Rather than repeating and reproducing violence upon respawning enemies, the player, through conversations and interactions with NPCs, the city, and their inner thoughts, engages and reproduces politics. Developing skills and Thoughts allow them to uncover the forces that continue to animate Revachol. The solution to the murder case that incites the narrative and the ensuing interrogation can’t be understood without recourse to the ideologies and political history present throughout the game and can either redeem the player’s police badge or condemn it. It is by committing to this loop and placing the player’s license front and centre, that Disco Elysium is able to engage in truth-telling on political ideology and history without undercutting itself. It is polemical.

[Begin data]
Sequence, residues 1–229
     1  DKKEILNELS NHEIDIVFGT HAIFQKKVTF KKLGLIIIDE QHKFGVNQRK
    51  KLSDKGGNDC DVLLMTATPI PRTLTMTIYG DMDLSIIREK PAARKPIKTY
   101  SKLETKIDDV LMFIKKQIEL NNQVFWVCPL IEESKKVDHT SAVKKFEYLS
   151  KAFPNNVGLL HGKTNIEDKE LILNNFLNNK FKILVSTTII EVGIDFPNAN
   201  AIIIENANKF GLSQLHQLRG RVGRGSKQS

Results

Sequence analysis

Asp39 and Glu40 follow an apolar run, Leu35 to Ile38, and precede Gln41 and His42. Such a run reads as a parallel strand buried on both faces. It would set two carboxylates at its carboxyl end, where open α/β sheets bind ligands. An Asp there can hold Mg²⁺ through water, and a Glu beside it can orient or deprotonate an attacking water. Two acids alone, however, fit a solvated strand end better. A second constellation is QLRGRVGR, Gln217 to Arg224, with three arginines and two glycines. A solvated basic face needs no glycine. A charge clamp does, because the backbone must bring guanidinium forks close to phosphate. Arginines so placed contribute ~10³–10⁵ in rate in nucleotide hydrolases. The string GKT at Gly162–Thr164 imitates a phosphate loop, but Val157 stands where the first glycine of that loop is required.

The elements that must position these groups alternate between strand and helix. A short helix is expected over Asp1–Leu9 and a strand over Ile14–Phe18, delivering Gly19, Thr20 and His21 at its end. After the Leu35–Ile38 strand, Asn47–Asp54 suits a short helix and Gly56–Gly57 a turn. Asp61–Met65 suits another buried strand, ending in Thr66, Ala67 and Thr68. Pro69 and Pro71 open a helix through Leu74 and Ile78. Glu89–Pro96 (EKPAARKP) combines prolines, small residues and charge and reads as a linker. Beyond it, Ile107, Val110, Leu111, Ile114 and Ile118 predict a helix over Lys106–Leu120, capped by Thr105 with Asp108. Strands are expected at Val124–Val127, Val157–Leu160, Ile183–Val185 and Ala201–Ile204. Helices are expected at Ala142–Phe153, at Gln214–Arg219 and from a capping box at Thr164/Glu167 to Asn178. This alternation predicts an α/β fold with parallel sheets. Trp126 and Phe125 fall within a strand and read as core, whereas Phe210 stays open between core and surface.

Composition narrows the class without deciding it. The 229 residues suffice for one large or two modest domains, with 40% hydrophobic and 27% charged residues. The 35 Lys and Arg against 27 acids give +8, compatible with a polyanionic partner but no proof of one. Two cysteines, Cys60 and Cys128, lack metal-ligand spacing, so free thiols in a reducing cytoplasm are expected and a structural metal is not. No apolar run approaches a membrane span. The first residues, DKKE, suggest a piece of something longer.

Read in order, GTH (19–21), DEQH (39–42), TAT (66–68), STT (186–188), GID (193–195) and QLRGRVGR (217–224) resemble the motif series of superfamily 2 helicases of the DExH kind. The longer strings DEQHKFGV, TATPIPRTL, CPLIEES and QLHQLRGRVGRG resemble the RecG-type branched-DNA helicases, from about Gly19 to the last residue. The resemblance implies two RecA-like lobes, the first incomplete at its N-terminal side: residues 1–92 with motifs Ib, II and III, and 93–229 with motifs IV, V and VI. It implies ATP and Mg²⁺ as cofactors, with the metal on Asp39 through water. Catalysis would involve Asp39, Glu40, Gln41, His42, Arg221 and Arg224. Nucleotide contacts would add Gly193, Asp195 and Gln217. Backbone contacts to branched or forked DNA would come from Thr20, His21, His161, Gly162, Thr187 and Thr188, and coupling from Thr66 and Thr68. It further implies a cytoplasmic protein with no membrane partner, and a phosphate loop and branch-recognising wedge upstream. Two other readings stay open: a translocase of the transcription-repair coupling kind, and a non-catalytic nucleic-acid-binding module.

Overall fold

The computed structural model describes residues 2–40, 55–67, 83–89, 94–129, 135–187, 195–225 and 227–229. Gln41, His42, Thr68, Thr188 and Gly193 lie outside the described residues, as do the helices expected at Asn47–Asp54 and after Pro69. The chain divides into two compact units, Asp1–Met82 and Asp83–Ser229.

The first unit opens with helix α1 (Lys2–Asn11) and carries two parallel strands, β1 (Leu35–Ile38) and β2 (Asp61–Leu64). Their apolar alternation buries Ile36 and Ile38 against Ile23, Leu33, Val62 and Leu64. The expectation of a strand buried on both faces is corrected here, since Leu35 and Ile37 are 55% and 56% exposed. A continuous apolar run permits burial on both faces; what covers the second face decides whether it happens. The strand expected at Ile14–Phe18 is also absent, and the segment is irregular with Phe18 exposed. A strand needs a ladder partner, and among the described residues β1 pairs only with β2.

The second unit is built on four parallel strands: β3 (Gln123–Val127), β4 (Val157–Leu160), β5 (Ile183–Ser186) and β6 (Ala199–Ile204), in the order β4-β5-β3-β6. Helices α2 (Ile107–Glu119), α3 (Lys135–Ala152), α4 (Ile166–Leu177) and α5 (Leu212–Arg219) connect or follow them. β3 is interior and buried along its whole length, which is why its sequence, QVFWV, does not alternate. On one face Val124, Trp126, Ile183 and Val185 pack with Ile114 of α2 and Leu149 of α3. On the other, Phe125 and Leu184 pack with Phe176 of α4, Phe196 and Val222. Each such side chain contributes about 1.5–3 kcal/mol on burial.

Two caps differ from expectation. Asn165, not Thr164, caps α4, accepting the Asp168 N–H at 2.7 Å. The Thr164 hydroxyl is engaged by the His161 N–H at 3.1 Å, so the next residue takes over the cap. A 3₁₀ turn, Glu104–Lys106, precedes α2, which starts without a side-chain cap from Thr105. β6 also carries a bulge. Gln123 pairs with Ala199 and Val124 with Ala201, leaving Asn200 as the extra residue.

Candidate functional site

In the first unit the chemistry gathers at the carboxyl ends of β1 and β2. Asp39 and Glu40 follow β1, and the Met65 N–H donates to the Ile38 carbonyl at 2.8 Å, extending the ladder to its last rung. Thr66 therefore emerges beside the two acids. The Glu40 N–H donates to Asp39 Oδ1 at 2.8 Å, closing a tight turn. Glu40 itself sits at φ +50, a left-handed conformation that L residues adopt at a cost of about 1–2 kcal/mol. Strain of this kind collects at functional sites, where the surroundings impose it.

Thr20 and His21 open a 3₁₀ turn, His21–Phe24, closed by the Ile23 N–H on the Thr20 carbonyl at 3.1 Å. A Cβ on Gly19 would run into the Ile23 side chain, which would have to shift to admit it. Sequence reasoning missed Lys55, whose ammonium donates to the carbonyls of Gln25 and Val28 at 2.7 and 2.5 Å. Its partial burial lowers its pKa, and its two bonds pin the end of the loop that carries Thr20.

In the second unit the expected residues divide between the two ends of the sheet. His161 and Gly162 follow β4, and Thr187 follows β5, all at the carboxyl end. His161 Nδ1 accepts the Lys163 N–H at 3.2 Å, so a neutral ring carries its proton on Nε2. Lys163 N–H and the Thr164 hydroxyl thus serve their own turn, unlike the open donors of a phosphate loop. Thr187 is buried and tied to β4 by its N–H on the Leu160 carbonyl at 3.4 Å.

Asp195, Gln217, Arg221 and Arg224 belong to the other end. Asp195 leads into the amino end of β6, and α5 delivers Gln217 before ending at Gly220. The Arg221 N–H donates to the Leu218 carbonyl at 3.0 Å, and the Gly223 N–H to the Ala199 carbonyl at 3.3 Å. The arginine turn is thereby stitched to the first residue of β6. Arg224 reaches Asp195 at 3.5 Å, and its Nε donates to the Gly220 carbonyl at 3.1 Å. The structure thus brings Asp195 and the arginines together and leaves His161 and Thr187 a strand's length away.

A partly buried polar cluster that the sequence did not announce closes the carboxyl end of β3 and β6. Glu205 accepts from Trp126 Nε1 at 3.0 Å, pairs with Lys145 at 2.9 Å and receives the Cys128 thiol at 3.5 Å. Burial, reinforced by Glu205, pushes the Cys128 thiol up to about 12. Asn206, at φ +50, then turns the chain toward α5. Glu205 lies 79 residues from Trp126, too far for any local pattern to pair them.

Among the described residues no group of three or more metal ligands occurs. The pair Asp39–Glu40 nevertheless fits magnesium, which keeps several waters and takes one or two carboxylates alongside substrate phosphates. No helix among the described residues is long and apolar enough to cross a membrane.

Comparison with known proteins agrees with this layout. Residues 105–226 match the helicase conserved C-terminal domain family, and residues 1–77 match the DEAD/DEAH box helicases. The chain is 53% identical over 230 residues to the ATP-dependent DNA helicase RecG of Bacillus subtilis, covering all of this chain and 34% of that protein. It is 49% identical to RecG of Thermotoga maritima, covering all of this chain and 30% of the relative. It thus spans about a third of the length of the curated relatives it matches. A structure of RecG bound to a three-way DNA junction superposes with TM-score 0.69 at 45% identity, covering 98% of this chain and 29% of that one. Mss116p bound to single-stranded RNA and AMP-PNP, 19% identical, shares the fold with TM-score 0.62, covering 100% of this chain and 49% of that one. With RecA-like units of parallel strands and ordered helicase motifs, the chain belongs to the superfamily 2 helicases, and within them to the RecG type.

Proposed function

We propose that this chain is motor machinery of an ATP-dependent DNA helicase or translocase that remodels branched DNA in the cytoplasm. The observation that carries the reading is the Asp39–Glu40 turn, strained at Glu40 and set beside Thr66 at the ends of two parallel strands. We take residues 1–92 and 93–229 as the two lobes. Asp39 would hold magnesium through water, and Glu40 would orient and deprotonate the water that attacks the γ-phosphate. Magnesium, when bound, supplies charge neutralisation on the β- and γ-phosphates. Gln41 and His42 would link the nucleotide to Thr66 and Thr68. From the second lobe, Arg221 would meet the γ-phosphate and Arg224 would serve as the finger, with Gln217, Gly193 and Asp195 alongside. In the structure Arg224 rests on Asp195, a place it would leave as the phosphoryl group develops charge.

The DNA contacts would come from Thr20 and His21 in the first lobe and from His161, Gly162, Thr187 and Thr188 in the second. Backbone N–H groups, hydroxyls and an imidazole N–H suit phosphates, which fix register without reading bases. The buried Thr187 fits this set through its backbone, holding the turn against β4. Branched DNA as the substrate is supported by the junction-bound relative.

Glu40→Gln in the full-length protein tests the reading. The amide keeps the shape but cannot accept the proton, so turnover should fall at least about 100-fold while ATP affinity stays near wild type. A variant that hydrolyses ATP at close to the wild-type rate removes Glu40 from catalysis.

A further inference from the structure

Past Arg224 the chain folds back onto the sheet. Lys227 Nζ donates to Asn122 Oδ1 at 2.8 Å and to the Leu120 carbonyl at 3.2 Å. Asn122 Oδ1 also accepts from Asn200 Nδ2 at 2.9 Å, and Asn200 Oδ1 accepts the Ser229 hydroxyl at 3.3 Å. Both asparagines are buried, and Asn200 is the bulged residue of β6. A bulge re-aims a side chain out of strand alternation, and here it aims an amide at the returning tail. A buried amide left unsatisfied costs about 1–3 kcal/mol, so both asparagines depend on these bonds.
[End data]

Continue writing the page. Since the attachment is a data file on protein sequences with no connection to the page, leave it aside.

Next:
While Disco Elysium’s mechanical features—especially its skill and Thought systems—deserve attention, it is important to note that they do not in-and-of-themselves guarantee that the game is received as a political polemic. Rather, by themselves these systems’ most visible contribution has been to make the game topically important as a reinvention of the RPG genre, which has necessarily drawn attention to other novel aspects of the game, aspects less inherently commodifiable, such as its take on ideology and the use of the End of History as a backdrop. Put simply, popular consideration of Disco Elysium’s mechanical novelty (always the main subject of any RPG’s reception) has led widespread consideration of its narrative originality. These mechanical features have not made Disco Elysium unprecedentedly political or polemical by themselves (it would be short-sighted to assume that all that has held back the political maturity of commercial RPGs as such were a few decent mechanics—Fallout: New Vegas exists, after all). Still, their popularity has brought those polemics to the mainstream and rendered them visible in the ensuing discussion. Importantly, following this reception, gameplay hasn’t been isolated from the discussion; the game’s politics are inescapable, no matter where you look. There isn’t anything that obviously neutralises serious political consideration of the entire game—no heroes, no world-shattering stakes, no monsters—because one of the most important feature of Disco Elysium has been the absence of mechanics that would constitute an action economy dependant on the reproduction of violence, and invite the above contrivances. Even when under scrutiny, the narrative can breathe.